I think we already announced what we think what kind of business is moving away from us. I think the focus is now on the business that we have. I think what I just told you is really focused on the business that we have, not just with our largest customer as we see it today, but also the other customers.

Glen Yeung - Citigroup

No, understood. What I'm suggesting is a pattern in which it will flow away from you. There is always some discussion about how much was in inventory, how much other parts, when those may or may not transition away as well. Do you have any sense of that at this point, or you still don't have such a clear answer there?

Olav Carlsen

Yes, we do have a much better view now than we had weeks ago. I'm not quite sure I can share all that with you, because a lot of that is certainly associated with roadmap discussions and customer information, which I can't share.

But internally, yes, we have a pretty good view now, which is why we have changed internal forecasts and our models.

Glen Yeung - Citigroup

That's good to know, okay. The only other question I had was if you have any guidance for next quarter's cash from operations?

Olav Carlsen

I don't have a particular guidance for you. I mean, you've seen our guidance on EPS and you know that we're not very cash-intensive in terms of investing in other than our current operations. Usually when we're guiding towards profitability, you can also assume that it's almost equal to generation of cash, unless there are changes in working capital and non-cash working capital, or investment decisions that are not known at this point.

Glen Yeung - Citigroup

At this point you don't expect anything out of the ordinary, I guess is the way to think about it?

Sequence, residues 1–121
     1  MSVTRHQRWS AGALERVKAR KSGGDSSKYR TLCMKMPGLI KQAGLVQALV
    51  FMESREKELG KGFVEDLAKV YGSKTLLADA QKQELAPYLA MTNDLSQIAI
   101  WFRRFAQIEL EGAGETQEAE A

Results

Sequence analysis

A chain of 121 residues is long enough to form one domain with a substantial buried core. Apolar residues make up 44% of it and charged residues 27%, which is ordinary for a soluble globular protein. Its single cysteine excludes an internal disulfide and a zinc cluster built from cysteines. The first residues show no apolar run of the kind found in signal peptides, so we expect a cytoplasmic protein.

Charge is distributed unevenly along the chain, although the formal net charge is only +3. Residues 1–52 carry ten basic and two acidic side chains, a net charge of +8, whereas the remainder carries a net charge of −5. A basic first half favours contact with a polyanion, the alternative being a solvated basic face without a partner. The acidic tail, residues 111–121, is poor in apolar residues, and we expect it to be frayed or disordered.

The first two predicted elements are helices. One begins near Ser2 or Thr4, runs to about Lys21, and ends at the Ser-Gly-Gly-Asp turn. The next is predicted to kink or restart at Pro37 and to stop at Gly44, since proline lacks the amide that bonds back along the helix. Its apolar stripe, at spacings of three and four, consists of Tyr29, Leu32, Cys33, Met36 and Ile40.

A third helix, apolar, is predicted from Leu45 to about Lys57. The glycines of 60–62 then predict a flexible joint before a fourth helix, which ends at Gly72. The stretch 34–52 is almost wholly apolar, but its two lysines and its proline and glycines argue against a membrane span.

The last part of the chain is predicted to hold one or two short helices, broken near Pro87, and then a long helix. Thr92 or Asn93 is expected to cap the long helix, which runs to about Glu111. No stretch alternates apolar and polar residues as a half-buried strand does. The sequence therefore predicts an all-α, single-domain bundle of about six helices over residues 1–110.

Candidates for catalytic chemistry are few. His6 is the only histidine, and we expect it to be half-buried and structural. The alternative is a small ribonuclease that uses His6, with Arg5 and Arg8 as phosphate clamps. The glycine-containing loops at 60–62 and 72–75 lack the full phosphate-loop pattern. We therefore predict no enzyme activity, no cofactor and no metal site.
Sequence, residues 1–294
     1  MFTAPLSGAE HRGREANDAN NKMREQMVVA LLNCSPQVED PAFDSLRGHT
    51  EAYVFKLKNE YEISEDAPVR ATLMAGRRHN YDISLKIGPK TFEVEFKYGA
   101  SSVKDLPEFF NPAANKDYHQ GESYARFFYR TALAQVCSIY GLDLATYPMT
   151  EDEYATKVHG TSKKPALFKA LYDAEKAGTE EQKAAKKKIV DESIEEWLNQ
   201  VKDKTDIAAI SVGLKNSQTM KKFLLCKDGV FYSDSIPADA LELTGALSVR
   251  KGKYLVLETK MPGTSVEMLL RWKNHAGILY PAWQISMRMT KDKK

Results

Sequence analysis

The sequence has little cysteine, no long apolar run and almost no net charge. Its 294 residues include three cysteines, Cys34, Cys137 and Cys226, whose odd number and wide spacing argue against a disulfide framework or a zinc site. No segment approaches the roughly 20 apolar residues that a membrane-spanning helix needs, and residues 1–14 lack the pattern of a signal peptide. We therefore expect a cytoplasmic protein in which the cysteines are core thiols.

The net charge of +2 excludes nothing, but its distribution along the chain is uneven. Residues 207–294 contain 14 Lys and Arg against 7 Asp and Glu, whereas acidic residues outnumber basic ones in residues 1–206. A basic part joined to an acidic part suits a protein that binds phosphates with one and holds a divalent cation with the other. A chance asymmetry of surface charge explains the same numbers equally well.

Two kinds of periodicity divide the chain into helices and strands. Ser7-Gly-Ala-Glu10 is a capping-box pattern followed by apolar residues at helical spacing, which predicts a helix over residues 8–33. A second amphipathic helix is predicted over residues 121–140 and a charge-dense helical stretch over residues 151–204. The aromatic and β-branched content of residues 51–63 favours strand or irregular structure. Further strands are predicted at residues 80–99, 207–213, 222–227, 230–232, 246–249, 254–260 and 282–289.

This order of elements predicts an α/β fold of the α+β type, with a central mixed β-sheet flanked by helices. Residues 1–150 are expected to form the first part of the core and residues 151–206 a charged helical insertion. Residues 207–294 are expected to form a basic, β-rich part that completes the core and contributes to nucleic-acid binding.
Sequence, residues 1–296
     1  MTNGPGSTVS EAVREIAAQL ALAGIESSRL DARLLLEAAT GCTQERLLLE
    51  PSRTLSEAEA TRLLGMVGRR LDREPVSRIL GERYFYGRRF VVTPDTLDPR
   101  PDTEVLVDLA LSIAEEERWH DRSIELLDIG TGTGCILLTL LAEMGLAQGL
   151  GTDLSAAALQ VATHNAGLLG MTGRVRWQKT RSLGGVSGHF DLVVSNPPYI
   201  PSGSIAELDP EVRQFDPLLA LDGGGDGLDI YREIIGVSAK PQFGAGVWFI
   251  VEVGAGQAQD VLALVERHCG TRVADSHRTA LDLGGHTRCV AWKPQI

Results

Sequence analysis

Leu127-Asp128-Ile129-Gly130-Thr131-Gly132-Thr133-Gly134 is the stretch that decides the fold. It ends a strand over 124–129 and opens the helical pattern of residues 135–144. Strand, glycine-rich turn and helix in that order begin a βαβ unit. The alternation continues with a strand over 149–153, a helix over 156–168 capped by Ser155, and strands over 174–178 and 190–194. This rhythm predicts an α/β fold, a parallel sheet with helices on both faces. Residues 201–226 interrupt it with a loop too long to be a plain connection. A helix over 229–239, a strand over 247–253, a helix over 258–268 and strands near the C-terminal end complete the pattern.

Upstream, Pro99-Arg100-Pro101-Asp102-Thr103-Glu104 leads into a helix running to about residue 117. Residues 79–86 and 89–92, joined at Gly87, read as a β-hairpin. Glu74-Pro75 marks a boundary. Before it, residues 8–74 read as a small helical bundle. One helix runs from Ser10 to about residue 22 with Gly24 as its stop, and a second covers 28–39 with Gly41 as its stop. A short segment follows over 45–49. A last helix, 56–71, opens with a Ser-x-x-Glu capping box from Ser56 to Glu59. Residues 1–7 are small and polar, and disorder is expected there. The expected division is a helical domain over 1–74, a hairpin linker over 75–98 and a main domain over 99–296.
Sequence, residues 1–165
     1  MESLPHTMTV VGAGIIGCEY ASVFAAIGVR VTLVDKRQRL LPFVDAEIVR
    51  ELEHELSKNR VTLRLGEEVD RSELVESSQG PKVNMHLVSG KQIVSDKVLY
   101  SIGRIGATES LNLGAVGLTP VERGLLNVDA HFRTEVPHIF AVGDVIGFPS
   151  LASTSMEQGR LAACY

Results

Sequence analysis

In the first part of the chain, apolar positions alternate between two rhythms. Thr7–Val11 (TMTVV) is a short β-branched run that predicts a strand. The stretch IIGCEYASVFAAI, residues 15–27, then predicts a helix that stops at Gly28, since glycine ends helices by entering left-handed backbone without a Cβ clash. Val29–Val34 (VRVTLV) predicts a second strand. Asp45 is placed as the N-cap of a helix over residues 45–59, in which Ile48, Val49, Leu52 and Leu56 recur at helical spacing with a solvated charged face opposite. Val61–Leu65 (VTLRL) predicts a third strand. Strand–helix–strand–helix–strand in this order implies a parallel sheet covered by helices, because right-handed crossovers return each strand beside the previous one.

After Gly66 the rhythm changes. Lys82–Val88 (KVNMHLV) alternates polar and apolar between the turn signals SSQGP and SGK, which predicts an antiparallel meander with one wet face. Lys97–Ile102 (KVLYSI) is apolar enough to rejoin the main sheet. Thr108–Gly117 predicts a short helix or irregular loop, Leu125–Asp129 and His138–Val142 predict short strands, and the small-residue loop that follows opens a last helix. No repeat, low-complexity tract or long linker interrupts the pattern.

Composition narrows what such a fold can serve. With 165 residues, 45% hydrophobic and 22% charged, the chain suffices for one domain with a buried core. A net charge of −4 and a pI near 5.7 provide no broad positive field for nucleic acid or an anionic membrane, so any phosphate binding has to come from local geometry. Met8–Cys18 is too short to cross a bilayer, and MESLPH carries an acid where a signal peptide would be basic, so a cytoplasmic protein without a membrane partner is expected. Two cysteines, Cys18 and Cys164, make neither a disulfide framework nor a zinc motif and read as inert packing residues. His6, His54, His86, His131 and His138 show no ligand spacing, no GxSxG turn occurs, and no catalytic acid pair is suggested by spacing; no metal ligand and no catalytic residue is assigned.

Olav Carlsen

No, nothing that I can talk about right now; or nothing out of the ordinary as you would point, yes.

Glen Yeung - Citigroup

That's good to know. Thanks. I appreciate it.

Gary Johnson

Thanks.

Operator

And moving on to Michael Masdea with Credit Suisse.

Ahmad Seroff - Credit Suisse

Hi, this is Ahmad Seroff calling in for Michael Masdea. You mentioned in your prepared comments -- I think this follows up on the previous question -- that you don't plan to use your cash position to fund current operations. Should we think about that going forward as you're going to generate enough cash flow to fund your operations? Or if there's a shortfall there might be some cost cuts going forward? Could you just expand upon those comments?

Olav Carlsen

Sure. It was the first comment that you made, basically. I mean, we do not intend to use any of our more than $194 million of cash that we currently have on the balance sheet to fund the operations for the two quarters to come for the rest of the year. We usually only give guidance for a quarter. We wanted to extend that a little bit here for the rest of the year.

It is because we expect to generate sufficient cash from our operations to not have to use any of our cash.

Ahmad Seroff - Credit Suisse